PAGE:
5.0 out of 5 stars An enjoyable book about moths, men and Newcastle Brown Ale,
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"Enjoying moths" by Roy Leverton may the best introduction to moths and "mothing" currently on the market. Leverton is an amateur naturalist who has been fascinated by moths ever since his childhood (curiously, he grew up in a heavily industrialized and polluted city in Britain). He is also on a first name basis with Mark Young, the scientist who wrote another book published in this series, "The Natural History of Moths". This, plus a certain self-ironic attitude towards the mothing subculture, makes him an excellent choice for writing an introduction to moths.
It should be noted that "Enjoying moths" is mostly about British moths. Still, it could be interesting even for foreign readers. The book is illustrated with lage colour photographs of moths and their caterpillars, taken by the author himself. It covers all aspects of the subject: identification, collecting, where to find moths, their life cycle, moth photography, rearing moths in captivity, and the conservation of moths. Leverton also attempts to answer the perennial question "What is the difference between a butterfly and a moth?". (Not much, it turns out. Indeed, the moth on the front cover looks like a butterfly!)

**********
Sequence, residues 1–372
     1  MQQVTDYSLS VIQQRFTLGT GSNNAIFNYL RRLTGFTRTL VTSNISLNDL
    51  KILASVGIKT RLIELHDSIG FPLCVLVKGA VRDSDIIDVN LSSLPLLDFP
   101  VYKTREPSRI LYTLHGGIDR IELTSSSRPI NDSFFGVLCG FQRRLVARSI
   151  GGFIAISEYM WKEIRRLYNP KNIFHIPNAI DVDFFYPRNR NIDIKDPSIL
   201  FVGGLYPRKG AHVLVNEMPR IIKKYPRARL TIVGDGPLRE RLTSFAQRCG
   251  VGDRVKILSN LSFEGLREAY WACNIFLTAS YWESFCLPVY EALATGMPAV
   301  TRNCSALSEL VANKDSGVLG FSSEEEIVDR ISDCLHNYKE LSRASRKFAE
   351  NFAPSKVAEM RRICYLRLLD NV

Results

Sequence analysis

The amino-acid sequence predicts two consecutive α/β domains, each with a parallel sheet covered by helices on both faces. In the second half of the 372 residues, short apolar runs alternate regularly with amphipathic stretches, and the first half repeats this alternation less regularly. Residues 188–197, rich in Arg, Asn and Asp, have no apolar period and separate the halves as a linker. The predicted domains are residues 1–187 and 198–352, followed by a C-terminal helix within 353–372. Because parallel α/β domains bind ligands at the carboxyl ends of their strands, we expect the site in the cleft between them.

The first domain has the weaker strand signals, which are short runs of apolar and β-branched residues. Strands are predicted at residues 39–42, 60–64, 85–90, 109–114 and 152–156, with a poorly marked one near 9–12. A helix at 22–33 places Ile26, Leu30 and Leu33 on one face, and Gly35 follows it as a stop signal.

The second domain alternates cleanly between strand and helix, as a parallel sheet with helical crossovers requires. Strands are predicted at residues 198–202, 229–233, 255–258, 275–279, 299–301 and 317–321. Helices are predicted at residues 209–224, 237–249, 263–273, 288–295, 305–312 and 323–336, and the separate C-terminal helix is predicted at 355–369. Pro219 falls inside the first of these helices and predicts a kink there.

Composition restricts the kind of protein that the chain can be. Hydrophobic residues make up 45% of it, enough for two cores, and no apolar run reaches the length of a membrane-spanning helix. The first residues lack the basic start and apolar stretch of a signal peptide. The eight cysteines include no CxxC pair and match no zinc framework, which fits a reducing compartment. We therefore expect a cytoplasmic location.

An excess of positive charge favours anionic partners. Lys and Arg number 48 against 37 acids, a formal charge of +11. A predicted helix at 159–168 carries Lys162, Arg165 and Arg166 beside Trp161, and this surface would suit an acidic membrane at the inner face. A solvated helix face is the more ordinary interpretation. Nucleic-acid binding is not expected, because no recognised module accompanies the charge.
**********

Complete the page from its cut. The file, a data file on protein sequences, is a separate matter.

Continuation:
The chapters on where and how to find moths are pretty detailed. For instance, we learn that blackberries, ivy bloom, honeydew, campions and sallow blossom are favourite moth haunts. Find the blackberry bush, spot the moth. Easy. We also get to know that many moths are actually diurnal, or at least partially so, and some can be found even in cities (at least British ones). Leverton also reveals a few curious tricks of the trade. Apparently, moths are drawn to a mixture of beer, treacle and brown sugar, which can be applied to tree trunks, wooden poles, and so on. The technique is known as "sugaring". Another beverage-linked way of attracting moths is "wine roping": thick ropes are soaked with a mixture of sugar and cheap red wine (Rosita?), and the ropes are then hanged on suitable places, for instance low tree branches. But, of course, the most common way of catching moths is by light traps...